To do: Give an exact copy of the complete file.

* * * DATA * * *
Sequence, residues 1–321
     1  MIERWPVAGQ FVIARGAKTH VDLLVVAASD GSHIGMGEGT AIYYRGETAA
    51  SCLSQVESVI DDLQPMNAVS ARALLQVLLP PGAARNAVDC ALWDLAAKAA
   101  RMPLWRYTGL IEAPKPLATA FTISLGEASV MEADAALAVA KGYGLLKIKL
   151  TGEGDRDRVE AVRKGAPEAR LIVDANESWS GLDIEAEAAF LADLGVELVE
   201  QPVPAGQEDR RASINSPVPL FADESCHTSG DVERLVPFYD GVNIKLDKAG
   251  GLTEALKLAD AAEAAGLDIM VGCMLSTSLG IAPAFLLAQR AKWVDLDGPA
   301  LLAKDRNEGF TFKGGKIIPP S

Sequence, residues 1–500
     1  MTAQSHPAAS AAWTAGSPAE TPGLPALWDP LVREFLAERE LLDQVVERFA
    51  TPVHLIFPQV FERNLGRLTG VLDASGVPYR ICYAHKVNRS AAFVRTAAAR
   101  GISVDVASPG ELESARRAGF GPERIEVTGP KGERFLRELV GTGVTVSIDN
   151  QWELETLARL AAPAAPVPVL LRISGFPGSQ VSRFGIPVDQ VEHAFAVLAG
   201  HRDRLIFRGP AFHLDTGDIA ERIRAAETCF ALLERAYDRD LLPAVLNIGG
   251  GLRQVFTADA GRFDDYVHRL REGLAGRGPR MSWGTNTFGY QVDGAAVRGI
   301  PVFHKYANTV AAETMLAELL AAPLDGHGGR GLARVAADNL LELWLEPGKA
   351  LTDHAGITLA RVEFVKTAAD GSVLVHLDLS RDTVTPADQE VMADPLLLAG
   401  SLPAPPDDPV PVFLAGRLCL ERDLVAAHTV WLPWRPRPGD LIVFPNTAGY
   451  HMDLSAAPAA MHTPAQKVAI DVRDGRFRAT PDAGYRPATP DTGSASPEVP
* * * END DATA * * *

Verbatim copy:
Sequence, residues 1–321
     1  MIERWPVAGQ FVIARGAKTH VDLLVVAASD GSHIGMGEGT AIYYRGETAA
    51  SCLSQVESVI DDLQPMNAVS ARALLQVLLP PGAARNAVDC ALWDLAAKAA
   101  RMPLWRYTGL IEAPKPLATA FTISLGEASV MEADAALAVA KGYGLLKIKL
   151  TGEGDRDRVE AVRKGAPEAR LIVDANESWS GLDIEAEAAF LADLGVELVE
   201  QPVPAGQEDR RASINSPVPL FADESCHTSG DVERLVPFYD GVNIKLDKAG
   251  GLTEALKLAD AAEAAGLDIM VGCMLSTSLG IAPAFLLAQR AKWVDLDGPA
   301  LLAKDRNEGF TFKGGKIIPP S

Sequence, residues 1–500
     1  MTAQSHPAAS AAWTAGSPAE TPGLPALWDP LVREFLAERE LLDQVVERFA
    51  TPVHLIFPQV FERNLGRLTG VLDASGVPYR ICYAHKVNRS AAFVRTAAAR
   101  GISVDVASPG ELESARRAGF GPERIEVTGP KGERFLRELV GTGVTVSIDN
   151  QWELETLARL AAPAAPVPVL LRISGFPGSQ VSRFGIPVDQ VEHAFAVLAG
   201  HRDRLIFRGP AFHLDTGDIA ERIRAAETCF ALLERAYDRD LLPAVLNIGG
   251  GLRQVFTADA GRFDDYVHRL REGLAGRGPR MSWGTNTFGY QVDGAAVRGI
   301  PVFHKYANTV AAETMLAELL AAPLDGHGGR GLARVAADNL LELWLEPGKA
   351  LTDHAGITLA RVEFVKTAAD GSVLVHLDLS RDTVTPADQE VMADPLLLAG
   401  SLPAPPDDPV PVFLAGRLCL ERDLVAAHTV WLPWRPRPGD LIVFPNTAGY
   451  HMDLSAAPAA MHTPAQKVAI DVRDGRFRAT PDAGYRPATP DTGSASPEVP